Of course, he doesn't describe it quite that starkly.
"My life is like a yin and a yang," he said in an interview at this week'sin San Francisco. "There is just as much time thinking about the competitive...as there is about the cooperation/interoperability/opportunity. It's equal time."
Linux lab chief,
Microsoft's Linux and Open Source Software Lab serves as both a place to examine the threat posed to Microsoft products by open-source offerings and a venue for testing software from Microsoft and others that's designed to span that divide. The lab is home to hundreds of servers and desktops that run dozens of different types of Linux and Unix.
The lab's dual purpose reflects anwhen it comes to Linux and open-source software.
Linux is still seen as a competitor that needs to be addressed head-on. The company spends plenty of time and money on its anti-Linux "" campaign, for example.
At the same time, though, Microsoft seems to have accepted that Linux is not going away, and the company wants to make sure it's not turning off customers--or leaving dollars on the table--by ignoring its very real rival.
It's been almost two years since Hilfafter a career managing Linux and Unix for corporations, a tour of duty that included a stint at IBM and the building of a Linux-based data center for dot-com retailer eToys.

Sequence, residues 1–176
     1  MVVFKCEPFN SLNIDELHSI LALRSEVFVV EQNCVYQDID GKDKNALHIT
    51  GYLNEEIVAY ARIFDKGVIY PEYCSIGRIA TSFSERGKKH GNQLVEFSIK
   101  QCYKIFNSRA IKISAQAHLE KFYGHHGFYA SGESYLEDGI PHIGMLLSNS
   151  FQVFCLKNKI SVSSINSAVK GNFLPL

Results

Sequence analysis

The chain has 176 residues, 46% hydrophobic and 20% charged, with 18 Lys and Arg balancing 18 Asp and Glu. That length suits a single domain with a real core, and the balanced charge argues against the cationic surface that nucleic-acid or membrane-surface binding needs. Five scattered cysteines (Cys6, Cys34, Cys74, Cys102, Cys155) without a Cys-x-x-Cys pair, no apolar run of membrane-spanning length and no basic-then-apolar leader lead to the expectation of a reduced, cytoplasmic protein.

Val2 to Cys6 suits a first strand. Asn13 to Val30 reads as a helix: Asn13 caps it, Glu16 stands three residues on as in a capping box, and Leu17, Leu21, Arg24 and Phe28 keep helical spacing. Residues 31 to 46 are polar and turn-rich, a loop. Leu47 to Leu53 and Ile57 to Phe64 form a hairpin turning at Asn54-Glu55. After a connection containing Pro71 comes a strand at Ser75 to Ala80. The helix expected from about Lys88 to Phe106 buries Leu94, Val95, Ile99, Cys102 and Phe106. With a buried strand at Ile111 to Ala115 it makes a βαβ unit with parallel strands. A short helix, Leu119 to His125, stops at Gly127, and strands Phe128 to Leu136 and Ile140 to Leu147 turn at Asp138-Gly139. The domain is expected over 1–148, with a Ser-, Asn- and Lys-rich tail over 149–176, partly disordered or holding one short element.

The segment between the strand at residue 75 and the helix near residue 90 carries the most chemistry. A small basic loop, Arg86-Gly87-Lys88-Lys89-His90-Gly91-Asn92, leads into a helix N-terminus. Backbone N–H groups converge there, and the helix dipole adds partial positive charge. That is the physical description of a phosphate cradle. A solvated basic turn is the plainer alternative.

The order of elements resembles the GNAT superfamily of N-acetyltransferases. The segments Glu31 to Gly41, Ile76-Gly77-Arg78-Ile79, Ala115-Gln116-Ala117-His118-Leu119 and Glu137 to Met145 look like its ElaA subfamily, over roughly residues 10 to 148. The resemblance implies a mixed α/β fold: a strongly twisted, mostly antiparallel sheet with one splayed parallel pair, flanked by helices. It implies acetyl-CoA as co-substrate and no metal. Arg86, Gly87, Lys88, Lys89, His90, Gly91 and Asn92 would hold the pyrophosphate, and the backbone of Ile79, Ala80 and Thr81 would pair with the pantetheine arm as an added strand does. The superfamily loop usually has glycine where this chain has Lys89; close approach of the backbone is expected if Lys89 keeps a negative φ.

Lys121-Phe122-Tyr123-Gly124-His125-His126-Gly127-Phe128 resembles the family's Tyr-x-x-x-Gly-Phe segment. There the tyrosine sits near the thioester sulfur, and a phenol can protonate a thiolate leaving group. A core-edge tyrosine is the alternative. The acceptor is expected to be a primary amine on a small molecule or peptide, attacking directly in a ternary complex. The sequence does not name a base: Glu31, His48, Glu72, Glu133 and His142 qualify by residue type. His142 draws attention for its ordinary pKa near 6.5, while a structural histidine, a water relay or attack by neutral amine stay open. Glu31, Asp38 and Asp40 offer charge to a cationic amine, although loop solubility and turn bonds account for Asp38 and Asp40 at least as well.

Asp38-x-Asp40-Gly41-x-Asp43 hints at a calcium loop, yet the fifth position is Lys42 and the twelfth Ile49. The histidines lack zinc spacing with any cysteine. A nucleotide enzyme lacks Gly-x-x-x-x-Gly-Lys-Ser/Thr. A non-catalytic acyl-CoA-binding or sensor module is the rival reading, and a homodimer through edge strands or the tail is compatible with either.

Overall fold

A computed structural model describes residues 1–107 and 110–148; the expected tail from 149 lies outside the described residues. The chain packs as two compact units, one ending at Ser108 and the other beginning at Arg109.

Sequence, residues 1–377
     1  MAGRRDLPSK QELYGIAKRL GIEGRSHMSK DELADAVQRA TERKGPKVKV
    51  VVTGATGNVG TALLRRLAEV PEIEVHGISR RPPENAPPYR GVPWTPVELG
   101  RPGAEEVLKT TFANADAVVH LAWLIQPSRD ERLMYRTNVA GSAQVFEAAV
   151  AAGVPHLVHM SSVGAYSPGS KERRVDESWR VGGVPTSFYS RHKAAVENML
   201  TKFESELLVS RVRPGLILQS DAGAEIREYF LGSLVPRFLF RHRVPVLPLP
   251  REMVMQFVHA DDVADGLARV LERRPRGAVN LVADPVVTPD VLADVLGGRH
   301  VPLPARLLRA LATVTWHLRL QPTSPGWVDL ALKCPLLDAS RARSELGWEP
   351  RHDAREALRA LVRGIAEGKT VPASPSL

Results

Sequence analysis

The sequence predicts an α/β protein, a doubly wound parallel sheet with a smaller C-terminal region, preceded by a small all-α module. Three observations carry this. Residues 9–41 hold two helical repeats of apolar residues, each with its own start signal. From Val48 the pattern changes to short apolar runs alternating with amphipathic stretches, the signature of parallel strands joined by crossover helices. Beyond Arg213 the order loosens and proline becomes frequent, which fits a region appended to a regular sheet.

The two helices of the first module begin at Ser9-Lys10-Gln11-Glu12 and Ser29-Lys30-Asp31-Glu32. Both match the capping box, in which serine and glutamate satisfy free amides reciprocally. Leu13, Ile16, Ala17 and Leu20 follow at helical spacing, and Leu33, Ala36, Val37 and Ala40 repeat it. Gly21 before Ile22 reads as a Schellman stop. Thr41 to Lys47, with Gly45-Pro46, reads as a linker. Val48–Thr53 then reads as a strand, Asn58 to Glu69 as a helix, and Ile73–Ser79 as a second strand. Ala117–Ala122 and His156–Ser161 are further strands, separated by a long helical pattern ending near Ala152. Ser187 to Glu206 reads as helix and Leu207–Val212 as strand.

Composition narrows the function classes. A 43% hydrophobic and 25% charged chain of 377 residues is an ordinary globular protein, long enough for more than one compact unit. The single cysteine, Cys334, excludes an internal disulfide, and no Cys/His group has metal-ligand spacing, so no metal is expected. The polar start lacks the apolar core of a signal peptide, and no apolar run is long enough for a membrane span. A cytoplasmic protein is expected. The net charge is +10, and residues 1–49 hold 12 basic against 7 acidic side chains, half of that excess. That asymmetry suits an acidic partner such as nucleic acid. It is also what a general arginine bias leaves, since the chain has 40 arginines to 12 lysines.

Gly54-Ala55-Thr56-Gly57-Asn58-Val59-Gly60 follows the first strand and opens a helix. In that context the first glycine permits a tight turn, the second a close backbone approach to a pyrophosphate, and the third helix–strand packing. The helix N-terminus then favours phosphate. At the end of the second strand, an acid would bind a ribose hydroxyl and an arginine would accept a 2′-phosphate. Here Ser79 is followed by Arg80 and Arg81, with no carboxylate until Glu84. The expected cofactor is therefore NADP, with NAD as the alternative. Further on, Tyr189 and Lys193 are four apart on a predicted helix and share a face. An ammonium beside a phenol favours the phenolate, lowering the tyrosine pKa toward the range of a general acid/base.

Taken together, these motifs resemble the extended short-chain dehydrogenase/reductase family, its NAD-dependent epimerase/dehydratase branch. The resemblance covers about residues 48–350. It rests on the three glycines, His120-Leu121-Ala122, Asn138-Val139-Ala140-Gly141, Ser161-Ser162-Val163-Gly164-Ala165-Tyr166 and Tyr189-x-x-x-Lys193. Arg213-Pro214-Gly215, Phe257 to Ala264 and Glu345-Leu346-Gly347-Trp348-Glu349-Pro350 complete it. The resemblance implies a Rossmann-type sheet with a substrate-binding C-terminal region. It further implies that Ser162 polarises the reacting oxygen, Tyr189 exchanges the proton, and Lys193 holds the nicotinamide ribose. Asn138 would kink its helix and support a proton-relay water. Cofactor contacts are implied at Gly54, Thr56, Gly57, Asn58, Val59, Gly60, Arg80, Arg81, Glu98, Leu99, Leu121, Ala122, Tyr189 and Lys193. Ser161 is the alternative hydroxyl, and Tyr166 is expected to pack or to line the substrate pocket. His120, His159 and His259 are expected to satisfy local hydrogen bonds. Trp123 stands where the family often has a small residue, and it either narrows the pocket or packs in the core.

Hilf said his conversations with Microsoft developers have evolved since he first joined the company.
"Originally there was a lot of 'tell me how this works versus my thing,'" he recalled. Until Hilf arrived and set up shop, Microsoft relied mainly on outside consultants to provide reports on how the other half lived.
These days, Microsoft is growing shrewder about open-source software. The Redmond, Wash., company has realized that some of its businesses--such as the management tools and Virtual Server units--can boost their bottom line by offering better Linux interoperability.
"Microsoft is a very opportunistic company," Hilf said. "It is looking for ways to increase its business. We want to continue to build software that sells well."
Hilf said that on the Redmond campus, in discussions with colleagues, he often finds himself acting as a proxy for a customer who runs Linux.
"They will come to me saying 'Hey, Bill, is this something you think Linux customers would really be interested in, or is this stupid?" Hilf said.
Hilf's ability to straddle the divide between the Windows and Linux worlds also makes him popular with Microsoft customers, who ask him for advice on getting the two to work together. "A lot of customers say, 'I have mixed stuff too; you must have figured out how to do blah, blah, blah,'" Hilf said.
Even setting up shop amid Redmond's all-Windows world was a challenge for Hilf.
He started with the ambitious goal of creating a server room with dozens of flavors of Linux, along with commercial Unix software from Sun Microsystems, IBM, Hewlett-Packard and Apple Computer. The goal, he said, was to have something "more mixed then any real, sane customer would have."